EvMedBlog Contributors

Randolph M. Nesse

Dr. Randolph M. Nesse, the Founding Director of the ASU Center for Evolution & Medicine and Professor in the School of Life Sciences at ASU, is a physician who has dedicated his career to establishing evolutionary biology as a basic science for medicine. His investigations of the neuro-endocrinology of anxiety, aging, and evolution led to a series of publications that established the field of evolutionary medicine.

 

Magdalena Hurtado

Dr. Magdalena Hurtado, Professor in the School of Human Evolution and Social Change at ASU and 2015-2016 Bass Distinguished Visiting Environmental Scholar in Anthropology at Yale University, investigates mortality reduction mechanisms in humans with an emphasis on cultural niche construction and innate immunity. Spanning three decades, Dr. Hurtado has conducted extensive field work in Panama, Paraguay, and Venezuela among the Machiguenga, Hiwi, Aché, Kuna, and Ngobe peoples to investigate health and wellbeing among traditional subsistence cultures. In 2012, Hurtado was inducted as Fellow of the American Academy of Arts and Sciences.
 

Anne Stone

Dr. Anne Stone, Professor in the School of Human Evolution and Social Change at ASU, is an anthropological geneticist who investigates population history to better understand how humans and great apes have adapted to their environments, including their disease and dietary environments. Dr. Stone currently serves as a senior editor of Molecular Biology and Evolution.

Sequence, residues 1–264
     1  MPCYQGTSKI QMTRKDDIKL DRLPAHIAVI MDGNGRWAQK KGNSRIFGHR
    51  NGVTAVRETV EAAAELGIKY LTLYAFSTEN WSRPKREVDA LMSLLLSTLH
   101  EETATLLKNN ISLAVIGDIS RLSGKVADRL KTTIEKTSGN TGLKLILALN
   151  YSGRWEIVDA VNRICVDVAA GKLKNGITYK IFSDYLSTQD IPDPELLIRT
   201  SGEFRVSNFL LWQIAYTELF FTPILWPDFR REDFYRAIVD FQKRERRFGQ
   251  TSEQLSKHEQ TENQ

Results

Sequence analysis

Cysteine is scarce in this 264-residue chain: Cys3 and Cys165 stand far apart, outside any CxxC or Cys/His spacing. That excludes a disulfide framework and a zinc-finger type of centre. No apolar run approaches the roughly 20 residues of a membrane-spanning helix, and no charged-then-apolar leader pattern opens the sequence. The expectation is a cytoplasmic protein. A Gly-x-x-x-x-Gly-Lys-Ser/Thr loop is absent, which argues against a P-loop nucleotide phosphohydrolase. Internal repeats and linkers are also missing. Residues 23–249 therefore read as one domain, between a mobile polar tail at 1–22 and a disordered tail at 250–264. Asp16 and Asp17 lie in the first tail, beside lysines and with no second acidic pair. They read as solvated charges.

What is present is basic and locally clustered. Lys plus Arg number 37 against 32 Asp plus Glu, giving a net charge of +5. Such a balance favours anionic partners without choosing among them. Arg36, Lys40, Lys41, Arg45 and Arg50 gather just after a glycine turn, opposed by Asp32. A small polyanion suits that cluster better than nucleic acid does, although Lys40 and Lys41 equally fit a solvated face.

Benjamin Trumble 

Dr. Ben Trumble, Postdoctoral Scholar in Anthropology at UC Santa Barbara and soon to be Assistant Professor in the School of Human Evolution and Social Change at ASU, studies the intersection of hormones, health, and behavior among Tsimane subsistence forager-horticulturalists in Bolivia.
 

 

Melissa A. Wilson Sayres

Dr. Melissa Wilson Sayres, Assistant Professor in the School of Life Sciences at ASU, is a computational biologist studying the evolution of sex chromosomes (X and Y in mammals), differential mutation rates between males and females, and how changes in population history affect the sex chromosomes differently than the non-sex chromosomes. Dr. Wilson-Sayres, a long-time science outreach advocate, also writes at her lab blog.
 

Katie HindeKatie Hinde

Dr. Katie Hinde, Associate Professor in the School of Human Evolution and Social Change at ASU, investigates mother’s milk- the food, medicine, and signal that organizes infant development. Hinde co-edited “Building Babies: Primate Developmental Trajectories in Proximate and Ultimate Perspective” released by Springer in 2013, created the Mammals Suck… Milk! Blog for clinicians, scientists, and the general public in 2011, and serves as the EdMedBlog Editor for 2016.